This weekend we have the HSK so 好好学习 (good good studying).
The Confucius temple.
A little something that I wrote but didn’t post on time…
Harbin’s weather is weird. Just two weeks ago it was snowing and today it’s +23°C. I always looked at the weather in Harbin and also Latvia, Italy and USA and Harbin (in winter) has always been the coldest place, but now it’s the warmest. The weather changed dramatically in just two weeks.
Other than that – we wrote the HSK (hanyu shuiping kaoshi (Chinese Proficiency test)), me and Ning took level 3, Gabriele and Jan took level 4 and Matteo level 5. I’m not ready for level 4 yet so I took level 3 so I would be sure that I pass at least something, next month I’ll take level 4.
But recently I’ve been so lazy with studying. At school we don’t study at all, at home I try to learn new characters but I’m so sleepy that I simply give up after an hour or so.
It’s Reetta’s 18th birthday this weekend and we wanted to go out to a club but there’s a big Harbin sports meeting in a university and we have to march in Sunday at 7am so we can’t…
Now we don’t have that much time left in China so we’re applying to independent travel a lot, even if we can go to places only really near to Harbin.
I guess there’s nothing else. Oh, we didn’t celebrate easter.
I told that I will write if I change family… well I’m writing now! But I changed family on Tuesday. I was so nervous while I was still at my old home because a situation had been raised up. My mother talked with our teacher and they want to do a little renovation at our home and they wanted me to live somewhere else for a week or so and laoshi wanted to tell my family that they found a family but we talked and decided that it would be better if I move in til the end of my stay because I’m preparing to take the HSK test and I need speaking practice but they were busy all the time so they can’t talk with me. Of course that was just for them because I wanted to change before that.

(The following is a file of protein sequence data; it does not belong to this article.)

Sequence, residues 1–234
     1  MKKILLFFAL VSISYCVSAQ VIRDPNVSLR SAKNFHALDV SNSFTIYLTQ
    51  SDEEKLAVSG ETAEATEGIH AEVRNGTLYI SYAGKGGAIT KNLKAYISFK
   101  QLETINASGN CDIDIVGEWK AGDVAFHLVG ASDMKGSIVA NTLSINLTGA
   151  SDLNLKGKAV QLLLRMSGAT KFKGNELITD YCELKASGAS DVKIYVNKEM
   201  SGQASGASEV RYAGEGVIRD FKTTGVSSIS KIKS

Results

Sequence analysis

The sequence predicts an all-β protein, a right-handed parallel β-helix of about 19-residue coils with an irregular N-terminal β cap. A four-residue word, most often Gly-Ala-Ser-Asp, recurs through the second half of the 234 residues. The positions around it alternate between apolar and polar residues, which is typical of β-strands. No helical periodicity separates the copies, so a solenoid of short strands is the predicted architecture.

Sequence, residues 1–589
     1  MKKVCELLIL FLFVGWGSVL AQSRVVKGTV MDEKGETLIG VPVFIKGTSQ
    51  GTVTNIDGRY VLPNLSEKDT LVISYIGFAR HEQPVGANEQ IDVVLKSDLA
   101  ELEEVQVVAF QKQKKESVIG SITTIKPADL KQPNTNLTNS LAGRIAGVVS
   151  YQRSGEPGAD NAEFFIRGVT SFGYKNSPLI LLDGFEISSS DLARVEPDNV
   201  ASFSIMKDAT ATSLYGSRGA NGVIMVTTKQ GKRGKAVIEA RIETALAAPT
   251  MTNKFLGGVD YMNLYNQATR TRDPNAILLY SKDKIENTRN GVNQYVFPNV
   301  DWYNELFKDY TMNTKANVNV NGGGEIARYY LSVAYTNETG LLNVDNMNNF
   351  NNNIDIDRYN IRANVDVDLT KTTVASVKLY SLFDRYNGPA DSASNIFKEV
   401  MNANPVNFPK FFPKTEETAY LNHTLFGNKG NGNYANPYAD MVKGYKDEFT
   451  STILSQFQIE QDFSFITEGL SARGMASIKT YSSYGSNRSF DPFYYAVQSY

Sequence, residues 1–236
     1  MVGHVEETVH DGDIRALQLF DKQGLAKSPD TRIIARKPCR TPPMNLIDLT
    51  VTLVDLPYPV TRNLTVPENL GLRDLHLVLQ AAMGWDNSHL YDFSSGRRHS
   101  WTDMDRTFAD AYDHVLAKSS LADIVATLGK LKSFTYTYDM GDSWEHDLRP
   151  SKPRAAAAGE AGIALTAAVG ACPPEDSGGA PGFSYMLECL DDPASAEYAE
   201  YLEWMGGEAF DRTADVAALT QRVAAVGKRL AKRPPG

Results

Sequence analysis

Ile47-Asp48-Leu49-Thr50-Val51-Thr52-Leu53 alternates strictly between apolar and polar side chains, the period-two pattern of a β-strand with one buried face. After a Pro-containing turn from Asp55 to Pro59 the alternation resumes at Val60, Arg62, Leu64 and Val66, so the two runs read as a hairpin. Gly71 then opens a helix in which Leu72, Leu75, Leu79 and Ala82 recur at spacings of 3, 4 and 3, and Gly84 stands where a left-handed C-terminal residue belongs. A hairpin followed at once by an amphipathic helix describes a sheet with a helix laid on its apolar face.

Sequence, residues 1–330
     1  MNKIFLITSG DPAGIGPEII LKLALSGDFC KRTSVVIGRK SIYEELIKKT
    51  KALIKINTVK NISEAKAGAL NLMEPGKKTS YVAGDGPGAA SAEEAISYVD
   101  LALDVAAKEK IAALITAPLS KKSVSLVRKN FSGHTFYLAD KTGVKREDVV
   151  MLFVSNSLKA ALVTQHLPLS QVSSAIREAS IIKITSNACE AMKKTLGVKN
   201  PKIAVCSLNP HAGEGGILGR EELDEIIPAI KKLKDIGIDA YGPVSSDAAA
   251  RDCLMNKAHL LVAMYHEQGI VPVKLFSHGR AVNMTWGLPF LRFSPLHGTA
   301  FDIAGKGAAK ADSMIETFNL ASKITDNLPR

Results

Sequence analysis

So on Monday our teacher called my sister and explained all that to her and she started helping me put all my stuff in the suitcase. After we finished packing she got so upset that she even started to cry. Usually she hardly talked to me and sometimes when I made some small mistakes she would get angry at me so I thought that I got tired of them and they got tired of me the same way, but Chinese are weird. She said that she likes me, but she has to study so much that she didn’t have any time for talking and so on. She also said that dad (who I talked to maybe 5 times during the whole 7 months) doesn’t really like me so she thought also about the parents that it would be better for them to let me go.